BOISE — Idaho Public Television brings a timely documentary, “Salmon Reckoning,” to Outdoor Idaho, which will air Thursday.
U.S. Rep. Mike Simpson, an Idaho Republican, wants to dismantle four Snake River dams while compensating farmers and businesses with taxpayer funds and financially bolster the Lewiston, Idaho, and Tri-Cities, Washington, areas.
Simpson’s district encompasses the Sawtooth Valley, where salmon breed and die after spending several years in the Pacific Ocean. He said: “To me, the science is clear. You’ve got to remove the dams.”
Most importantly, his effort here is a bid to end litigation over endangered salmon. Unfortunately, there’s a lot of lawsuits. Pacific Northwest leaders are at loggerheads over preserving, protecting and propagating the iconic Snake River salmon and steelhead.
Simpson’s proposal means the four dams on the lower Snake River would be breached. These dams offer a tangible value to the farmers, but their existence has helped slide salmon and steelhead toward extinction while impoverishing Native American tribes.
Politicians, Nez Perce tribal biologists, sportspeople, energy officials, corporations, farmers, grain shippers, river communities, and conservation groups from across the Columbia River Basin are all ears and ready to fight for their point of view. Simpson’s allies hoping to rid the Snake River of these lower four dams to save the salmon and steelhead include the Northwest Native American tribes.
The growing population of Idaho demands more power, and the dam removal forces the hands of the Northwest electric utilities to come up with a green solution to keep the capability and capacity at current levels or higher. This conversation also involved Washington’s U.S. Sen. Patty Murray and Gov. Jay Inslee, along with Simpson.
Most people agree that Idaho’s salmon need our help. However, many biologists argue that extinction is just around the corner. Should we care? And what should be our response? The result is explored in the upcoming Outdoor Idaho episode, “Salmon Reckoning.”
Simpson’s call for breaching the four lower Snake River dams, all located in Washington, includes a compensation package for all those impacted by the loss of the dams, approximately costing $33.5 billion.
“That’s a bold proposal for someone from one of the reddest Congressional districts in the nation,” says Outdoor Idaho host Bruce Reichert in a press release to Idaho Capital Sun. “We decided to examine his comprehensive proposal in the first show of our 39th season.” Telling this story is thanks to the hard work of producers Aaron Kunz, Forrest Burger and Reichert.
Lewiston, Idaho, will take a hit. Breaching the four dams would seriously affect the “seaport” there and the barging of Palouse wheat. The Northwest will lose 1,000 megawatts of clean power. Simpson believes there are ways around these issues but that the Northwest “has to accept change.”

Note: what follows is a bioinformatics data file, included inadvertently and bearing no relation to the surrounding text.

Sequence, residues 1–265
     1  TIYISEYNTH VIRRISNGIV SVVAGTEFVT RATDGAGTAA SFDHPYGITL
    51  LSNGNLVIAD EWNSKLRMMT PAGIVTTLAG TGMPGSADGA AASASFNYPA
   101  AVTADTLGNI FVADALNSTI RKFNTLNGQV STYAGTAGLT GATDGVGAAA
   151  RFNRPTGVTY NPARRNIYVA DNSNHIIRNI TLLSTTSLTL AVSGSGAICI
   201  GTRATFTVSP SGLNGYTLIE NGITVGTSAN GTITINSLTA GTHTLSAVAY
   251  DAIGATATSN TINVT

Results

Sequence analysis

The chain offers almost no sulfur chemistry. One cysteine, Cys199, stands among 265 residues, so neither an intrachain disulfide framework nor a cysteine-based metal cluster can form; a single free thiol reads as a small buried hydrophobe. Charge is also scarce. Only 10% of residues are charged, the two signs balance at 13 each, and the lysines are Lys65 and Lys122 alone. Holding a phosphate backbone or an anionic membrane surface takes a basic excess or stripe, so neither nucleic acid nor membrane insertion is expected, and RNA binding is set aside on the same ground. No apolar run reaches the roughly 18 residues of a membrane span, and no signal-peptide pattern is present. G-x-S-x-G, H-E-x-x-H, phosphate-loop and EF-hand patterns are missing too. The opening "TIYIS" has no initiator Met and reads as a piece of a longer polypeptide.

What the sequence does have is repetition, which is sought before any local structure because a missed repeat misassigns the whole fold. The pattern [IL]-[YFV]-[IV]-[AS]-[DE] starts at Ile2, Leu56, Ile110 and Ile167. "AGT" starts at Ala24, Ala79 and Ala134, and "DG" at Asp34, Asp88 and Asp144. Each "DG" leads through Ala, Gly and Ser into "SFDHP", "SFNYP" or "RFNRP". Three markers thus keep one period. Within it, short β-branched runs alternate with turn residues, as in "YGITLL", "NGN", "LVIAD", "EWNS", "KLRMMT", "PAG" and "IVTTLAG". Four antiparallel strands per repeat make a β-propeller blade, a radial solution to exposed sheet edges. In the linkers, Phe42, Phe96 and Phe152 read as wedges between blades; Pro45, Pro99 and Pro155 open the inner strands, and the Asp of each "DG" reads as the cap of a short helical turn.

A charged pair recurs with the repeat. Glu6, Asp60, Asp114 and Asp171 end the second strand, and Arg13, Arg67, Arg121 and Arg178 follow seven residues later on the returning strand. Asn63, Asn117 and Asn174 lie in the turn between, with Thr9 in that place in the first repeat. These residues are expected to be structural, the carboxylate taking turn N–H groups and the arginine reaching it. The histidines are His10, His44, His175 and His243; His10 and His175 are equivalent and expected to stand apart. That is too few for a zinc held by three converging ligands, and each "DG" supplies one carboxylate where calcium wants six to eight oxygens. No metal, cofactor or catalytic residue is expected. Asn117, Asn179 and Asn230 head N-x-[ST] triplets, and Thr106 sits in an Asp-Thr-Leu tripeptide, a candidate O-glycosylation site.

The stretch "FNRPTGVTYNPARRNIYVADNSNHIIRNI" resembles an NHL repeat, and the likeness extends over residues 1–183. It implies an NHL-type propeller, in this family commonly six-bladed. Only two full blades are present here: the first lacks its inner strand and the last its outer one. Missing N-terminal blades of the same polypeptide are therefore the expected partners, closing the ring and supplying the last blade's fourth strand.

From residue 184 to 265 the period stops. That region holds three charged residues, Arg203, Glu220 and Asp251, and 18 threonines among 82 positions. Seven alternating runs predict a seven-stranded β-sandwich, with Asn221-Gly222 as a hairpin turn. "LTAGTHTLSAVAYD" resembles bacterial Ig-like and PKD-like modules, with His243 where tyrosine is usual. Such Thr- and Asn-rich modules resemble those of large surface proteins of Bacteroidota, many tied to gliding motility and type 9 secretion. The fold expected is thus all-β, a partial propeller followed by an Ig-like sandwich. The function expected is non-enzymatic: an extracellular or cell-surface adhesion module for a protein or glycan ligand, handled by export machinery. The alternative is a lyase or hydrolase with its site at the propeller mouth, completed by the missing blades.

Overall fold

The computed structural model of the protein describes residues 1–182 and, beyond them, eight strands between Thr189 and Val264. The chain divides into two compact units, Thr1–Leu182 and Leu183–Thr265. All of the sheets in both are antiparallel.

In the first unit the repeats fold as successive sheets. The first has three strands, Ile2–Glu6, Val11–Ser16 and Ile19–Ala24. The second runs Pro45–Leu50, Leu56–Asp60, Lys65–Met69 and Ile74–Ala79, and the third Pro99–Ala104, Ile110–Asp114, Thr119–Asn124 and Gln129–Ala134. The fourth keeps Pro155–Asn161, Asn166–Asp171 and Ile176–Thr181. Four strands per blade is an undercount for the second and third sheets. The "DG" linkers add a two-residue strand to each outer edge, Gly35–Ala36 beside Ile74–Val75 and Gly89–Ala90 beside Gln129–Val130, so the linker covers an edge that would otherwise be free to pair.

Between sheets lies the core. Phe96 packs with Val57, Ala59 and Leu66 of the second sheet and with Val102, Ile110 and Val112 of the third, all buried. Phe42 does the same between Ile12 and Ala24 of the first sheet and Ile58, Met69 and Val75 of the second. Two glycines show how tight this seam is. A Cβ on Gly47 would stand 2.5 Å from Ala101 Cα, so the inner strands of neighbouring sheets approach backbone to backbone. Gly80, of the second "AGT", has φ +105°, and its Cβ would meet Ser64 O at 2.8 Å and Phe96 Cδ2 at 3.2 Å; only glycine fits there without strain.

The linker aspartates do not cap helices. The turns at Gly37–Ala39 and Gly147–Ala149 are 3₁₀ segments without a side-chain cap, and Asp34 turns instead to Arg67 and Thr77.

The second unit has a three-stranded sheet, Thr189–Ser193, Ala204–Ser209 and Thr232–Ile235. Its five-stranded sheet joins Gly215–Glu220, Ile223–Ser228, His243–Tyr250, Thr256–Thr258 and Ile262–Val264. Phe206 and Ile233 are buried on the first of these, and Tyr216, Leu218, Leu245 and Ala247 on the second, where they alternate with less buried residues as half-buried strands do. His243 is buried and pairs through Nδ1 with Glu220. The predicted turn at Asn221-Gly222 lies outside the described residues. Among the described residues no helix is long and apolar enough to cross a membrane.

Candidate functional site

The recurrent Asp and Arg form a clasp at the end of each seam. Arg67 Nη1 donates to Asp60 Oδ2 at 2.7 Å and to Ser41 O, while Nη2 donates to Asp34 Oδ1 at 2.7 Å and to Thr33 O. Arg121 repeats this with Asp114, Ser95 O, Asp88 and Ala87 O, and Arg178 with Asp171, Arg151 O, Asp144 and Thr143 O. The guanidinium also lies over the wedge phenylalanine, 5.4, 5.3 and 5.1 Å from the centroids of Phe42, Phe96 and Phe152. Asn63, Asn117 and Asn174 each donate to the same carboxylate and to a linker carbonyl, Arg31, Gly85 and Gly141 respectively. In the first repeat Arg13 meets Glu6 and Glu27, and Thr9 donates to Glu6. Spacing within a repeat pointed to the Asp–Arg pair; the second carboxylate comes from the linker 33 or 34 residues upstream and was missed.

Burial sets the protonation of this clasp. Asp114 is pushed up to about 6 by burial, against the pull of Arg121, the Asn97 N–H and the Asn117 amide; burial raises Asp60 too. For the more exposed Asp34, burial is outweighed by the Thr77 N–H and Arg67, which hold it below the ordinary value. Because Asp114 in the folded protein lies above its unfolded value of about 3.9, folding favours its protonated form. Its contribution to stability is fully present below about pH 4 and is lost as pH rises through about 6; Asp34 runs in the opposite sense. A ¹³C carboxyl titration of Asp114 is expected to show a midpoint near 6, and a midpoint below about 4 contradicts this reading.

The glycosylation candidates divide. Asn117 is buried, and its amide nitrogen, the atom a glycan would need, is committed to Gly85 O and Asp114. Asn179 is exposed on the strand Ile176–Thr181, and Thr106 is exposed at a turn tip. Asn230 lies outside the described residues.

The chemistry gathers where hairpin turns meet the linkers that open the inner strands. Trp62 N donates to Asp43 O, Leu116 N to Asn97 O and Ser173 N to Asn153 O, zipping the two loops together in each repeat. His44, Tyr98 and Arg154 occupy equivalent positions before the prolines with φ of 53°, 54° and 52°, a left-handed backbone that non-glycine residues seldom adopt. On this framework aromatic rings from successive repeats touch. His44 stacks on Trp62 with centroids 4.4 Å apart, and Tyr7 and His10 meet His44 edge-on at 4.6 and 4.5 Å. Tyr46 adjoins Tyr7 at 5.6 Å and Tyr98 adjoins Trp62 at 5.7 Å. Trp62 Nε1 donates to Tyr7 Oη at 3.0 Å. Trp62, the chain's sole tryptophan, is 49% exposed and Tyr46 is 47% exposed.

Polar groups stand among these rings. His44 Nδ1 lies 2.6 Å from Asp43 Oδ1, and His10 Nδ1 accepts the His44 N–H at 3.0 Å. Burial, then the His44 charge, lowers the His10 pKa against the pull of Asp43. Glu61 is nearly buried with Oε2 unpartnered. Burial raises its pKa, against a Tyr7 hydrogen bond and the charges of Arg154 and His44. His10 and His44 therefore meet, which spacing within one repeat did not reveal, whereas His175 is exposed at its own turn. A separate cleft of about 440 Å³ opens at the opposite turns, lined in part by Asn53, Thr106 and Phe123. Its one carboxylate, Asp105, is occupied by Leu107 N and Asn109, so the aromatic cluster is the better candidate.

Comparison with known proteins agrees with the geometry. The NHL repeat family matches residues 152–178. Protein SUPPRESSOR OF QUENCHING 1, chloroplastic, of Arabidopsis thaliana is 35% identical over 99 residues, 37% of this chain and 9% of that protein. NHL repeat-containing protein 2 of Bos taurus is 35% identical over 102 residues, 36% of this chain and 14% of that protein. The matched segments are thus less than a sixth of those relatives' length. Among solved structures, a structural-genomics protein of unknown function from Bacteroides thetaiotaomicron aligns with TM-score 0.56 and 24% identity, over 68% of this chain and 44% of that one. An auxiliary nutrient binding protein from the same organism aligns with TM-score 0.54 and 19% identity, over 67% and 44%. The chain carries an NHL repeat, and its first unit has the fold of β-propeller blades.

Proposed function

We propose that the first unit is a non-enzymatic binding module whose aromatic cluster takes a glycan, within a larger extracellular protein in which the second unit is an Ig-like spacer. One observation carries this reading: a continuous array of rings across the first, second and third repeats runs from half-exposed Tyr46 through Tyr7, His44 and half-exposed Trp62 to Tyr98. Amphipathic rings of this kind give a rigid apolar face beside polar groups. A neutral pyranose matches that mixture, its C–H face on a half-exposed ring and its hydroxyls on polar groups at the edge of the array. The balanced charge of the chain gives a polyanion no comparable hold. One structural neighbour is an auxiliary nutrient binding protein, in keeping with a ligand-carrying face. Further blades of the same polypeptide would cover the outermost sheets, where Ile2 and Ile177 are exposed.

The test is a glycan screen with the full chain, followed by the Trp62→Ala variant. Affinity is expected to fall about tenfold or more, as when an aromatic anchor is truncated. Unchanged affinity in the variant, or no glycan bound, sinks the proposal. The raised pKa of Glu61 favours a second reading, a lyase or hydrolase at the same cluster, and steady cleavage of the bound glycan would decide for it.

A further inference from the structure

“Change is coming,” said Simpson. “Are we going to take advantage of it? Are we going to design our future, or are we going to have it imposed on us? I think we can do a better job designing it ourselves. I think we can save salmon.”
Seattle Times environment reporter Lynda Mapes was shocked when she learned Congressman Simpson got involved in the debate. “All of a sudden, onto the scene comes somebody named Mike Simpson. I had to keep looking up his name. Who is he? Republican out of Idaho. Whoever would have thunk it!”
Mapes said: “They would rather shape that change themselves through the Simpson proposal, or something like it. A Northwest decision by Northwesterners, rather than something imposed from a courtroom.”
Stakeholders see Idaho’s salmon recovery differently
The most prominent opponents of Simpson’s proposal are the Palouse wheat farmers. “The Snake River system is integral to the economy of north-central Idaho. This is our highway to international markets,” said David Doeringsfeld, the Port of Lewiston manager. “If we lost that river system, it would dramatically change what we grow in this area,” Doeringsfeld says that barging is the most cost-effective way to get soft white wheat to places like Portland.
The four dams also provide a clean source of energy. “It’s a big deal. For us, hydro is over 80% of our power supply; the Snake River dams provide 10% of that,” explains Rick Dunn, manager of Benton PUD in Washington. Dunn and Doeringsfeld believe science should determine whether the dams stay or go.
“There is no surprise to me that these four lower Snake dams are creating the problem they are,” says Virgil Moore, former director of Idaho’s Fish and Game Department.
He has studied Idaho’s salmon for 40 years. “We spent the last 20 years narrowing that uncertainty down to the point where folks like Congressman Simpson can now come out and say there is very little if any uncertainty about the fact that we can’t get functional recovery with these dams in place.”
Idaho anglers also veer on the side of dam removal.
“The conditions are so complex,” said retired Idaho lawmaker Stephen Hartgen. “Changing currents, weather patterns, climate change. Salmon were here before we got here, but that doesn’t mean they have to stay here. So were dodo birds.”
Federal courts give the Northwest tribes such as the Coeur d’Alene Tribe a significant voice in what happens next. Another advocate for breaching the four Snake River dams is longtime salmon advocate Ed Chaney, who said: “The salmon have run out of time. The extinction train is still rolling down the tracks. And if we don’t do something, it’s over. Those dams don’t even pay for their own maintenance. They’re zombie money-losing dams.”